Thursday, January 31, 2013

Adventure's End

I think the worst part of an adventure is the final leg of the journey. I define 'adventure' loosely here; it can be as simple as a walk in the Glen or as extreme as a polar expedition. My interpretation of 'adventure,' at least in this instance, is one that provides an escape from daily life and is truly freeing. Mingled with every escape is the thrill of the unknown, the refreshment of solitude, the delight of freedom, and the invigoration of a release from society. I think one of the biggest struggles in an adventure is its final stretch, that moment when you're almost back to 'reality' (reality meaning daily life, because I am not saying that adventures aren't real). The hardest part is when you begin to switch out of whatever emotions your adventure inspired: peacefulness, fear, comfort, despair, exhilaration, desire, spontaneity, recklessness. Letting go of the consuming nature of an adventure requires an acceptance of the inevitable return to day-to-day life. My least favorite part of excursions is when those consuming thoughts begin to shift back to schedules, meetings, and seemingly insignificant concerns. The end of Krakauer's journey reflects this same tone. There's something downright depressing about ending an adventure. Even if one's goals for the trip are accomplished, there can always be that sense of longing to be back in nature. 
There's an interesting dichotomy between the fulfillment that accompanies completing an adventure and the sense of emptiness once it is over. There's the "euphoria, the overwhelming sense of release" (25) that accompanied Krakauer's return from the ice, but there's also the "unexpected melancholy" (25) that loomed close behind. For Krakauer, climbing the Devil's Thumb didn't prove to be the "glorious transformation" (26) that he was expecting; in this sense he was let down. However, even though Krakauer didn't accomplish what he initially sought, he did learn patience, common sense about nature's limits, and, retrospectively, he realized he gained maturity. So, even though adventures, however incredible, can have an accompanying sense of emptiness or loss, they are worthwhile. Besides the in-the-moment benefits and exhilarations, adventures renew perspectives. Adventuring, whether alone like Krakauer or with a companion like Stempf, requires definite self-awareness, independence, and self-reliance. Once an adventure ends, these qualities still remain, even if there are struggles of readjustment. Escapes can be planned or unintentional, and the realities of an escape and the knowledge gained from one can be surprising.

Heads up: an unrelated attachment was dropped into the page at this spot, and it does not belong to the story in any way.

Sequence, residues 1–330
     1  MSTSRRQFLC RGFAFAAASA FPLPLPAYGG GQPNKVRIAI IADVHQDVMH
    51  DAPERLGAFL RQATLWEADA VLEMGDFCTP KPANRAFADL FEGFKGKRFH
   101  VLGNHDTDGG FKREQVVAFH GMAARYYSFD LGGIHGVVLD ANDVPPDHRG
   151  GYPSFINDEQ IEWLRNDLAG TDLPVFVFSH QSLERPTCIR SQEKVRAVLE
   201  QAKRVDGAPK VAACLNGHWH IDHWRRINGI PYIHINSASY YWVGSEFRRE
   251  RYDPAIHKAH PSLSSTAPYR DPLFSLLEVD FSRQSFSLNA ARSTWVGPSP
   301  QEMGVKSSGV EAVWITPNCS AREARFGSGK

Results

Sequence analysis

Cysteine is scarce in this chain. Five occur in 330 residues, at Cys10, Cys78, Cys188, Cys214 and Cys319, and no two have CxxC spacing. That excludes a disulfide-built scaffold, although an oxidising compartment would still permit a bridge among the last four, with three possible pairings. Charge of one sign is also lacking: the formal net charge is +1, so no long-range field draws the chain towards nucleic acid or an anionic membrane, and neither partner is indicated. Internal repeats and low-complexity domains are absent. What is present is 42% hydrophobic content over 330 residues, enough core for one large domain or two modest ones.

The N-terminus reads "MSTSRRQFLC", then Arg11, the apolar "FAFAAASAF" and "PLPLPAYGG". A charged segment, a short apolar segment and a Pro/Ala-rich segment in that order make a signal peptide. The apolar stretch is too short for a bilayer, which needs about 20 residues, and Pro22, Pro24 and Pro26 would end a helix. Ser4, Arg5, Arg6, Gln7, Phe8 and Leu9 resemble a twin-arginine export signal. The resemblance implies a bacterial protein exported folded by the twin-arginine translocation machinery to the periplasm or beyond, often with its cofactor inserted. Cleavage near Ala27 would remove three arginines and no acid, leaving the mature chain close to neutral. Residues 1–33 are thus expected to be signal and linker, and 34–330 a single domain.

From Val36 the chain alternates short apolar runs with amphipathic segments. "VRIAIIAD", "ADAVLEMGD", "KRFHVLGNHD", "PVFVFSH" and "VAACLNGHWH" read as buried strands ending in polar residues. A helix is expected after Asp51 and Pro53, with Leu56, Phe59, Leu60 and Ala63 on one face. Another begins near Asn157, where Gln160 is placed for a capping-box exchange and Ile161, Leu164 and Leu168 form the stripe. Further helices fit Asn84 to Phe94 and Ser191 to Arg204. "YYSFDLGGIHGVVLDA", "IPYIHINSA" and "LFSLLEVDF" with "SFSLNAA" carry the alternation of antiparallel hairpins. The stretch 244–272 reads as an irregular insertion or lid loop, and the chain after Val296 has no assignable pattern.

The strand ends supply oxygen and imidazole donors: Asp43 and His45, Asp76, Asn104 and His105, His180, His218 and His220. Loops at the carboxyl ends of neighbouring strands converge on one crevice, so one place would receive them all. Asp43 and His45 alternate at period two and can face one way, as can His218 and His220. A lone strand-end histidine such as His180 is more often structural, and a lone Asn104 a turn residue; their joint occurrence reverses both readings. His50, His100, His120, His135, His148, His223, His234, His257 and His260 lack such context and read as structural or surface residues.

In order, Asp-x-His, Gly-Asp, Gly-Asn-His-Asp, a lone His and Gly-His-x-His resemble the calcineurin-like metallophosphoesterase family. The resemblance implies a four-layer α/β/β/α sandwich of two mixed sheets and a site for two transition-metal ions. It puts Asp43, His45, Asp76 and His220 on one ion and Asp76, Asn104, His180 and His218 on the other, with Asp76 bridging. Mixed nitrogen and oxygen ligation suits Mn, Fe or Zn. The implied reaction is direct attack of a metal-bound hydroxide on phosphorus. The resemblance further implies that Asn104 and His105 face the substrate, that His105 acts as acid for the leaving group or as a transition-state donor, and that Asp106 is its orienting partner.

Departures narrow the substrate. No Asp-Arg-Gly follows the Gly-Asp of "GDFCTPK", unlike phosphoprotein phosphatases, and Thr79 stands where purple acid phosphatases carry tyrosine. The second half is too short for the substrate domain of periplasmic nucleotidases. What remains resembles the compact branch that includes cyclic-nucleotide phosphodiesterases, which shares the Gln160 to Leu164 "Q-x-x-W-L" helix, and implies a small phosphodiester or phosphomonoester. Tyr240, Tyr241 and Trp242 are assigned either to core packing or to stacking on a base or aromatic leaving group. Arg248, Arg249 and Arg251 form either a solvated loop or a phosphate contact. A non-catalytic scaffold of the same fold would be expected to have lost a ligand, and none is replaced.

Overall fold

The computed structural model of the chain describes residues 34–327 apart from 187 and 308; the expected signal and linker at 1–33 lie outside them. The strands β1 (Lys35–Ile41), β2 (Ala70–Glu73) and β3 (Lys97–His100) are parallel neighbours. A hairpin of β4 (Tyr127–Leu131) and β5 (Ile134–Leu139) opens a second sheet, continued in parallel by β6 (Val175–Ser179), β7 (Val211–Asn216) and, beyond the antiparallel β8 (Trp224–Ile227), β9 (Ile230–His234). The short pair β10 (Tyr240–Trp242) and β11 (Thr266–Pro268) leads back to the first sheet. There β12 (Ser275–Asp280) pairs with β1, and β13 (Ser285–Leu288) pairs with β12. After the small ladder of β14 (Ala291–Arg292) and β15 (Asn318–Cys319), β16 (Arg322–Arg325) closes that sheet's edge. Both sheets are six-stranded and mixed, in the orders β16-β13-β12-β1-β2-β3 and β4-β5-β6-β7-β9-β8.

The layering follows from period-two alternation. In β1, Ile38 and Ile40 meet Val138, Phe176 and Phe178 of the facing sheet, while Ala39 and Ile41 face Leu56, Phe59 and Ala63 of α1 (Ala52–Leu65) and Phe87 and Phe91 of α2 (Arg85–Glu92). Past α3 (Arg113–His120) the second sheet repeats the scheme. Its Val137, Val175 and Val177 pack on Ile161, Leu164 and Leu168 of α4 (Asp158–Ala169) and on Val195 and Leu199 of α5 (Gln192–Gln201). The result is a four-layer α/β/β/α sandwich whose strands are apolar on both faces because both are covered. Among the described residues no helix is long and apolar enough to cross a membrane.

1. I think your post is extremely interesting, and I agree with it completely. I think that a common emotion for people returning from any kind of adventure - whether it be a simple vacation to the beach or an expedition up Everest - is the disappointment of having to return to "real life," as you stated. After all, why else would some people choose to drop everything from their old lives and move to a foreign country to open a surf shop (or something similar) as often happens if such a feeling didn't exist? Nevertheless, I think adventures are important because they give us a chance to get outside of our heads and the daily stresses of everyday life and to learn more about ourselves. I think that's why Krakauer's trip was in many ways a success; he learned more about who he was and was able to grow thanks to his experiences.

  2. SImilarly, I completely agree with the interesting dichotomy you express. From my experience, return from a vacation most often results in feelings of reluctance, boredom, and even sadness, for people frequently seek out vacations as a sort of escape from "real" life. On the other extreme, the completion of a rigorous expedition, such as both expressed by Krakauer, result in a combination of melancholy and relief; after a physically and mentally exhausting adventure, the luxuries of modern convenience offer a welcoming alternative. In between lies perhaps the most commonly experienced adventure--a walk in the woods, a trip down the river--that provides the simple pleasures of life distanced from overscheduled, overworked daily life. However, I feel the emotions experienced on such an adventure, from peacefulness to intrigue to excitement, can carry over back into the real world in a fusion of daily life and adventure mindset.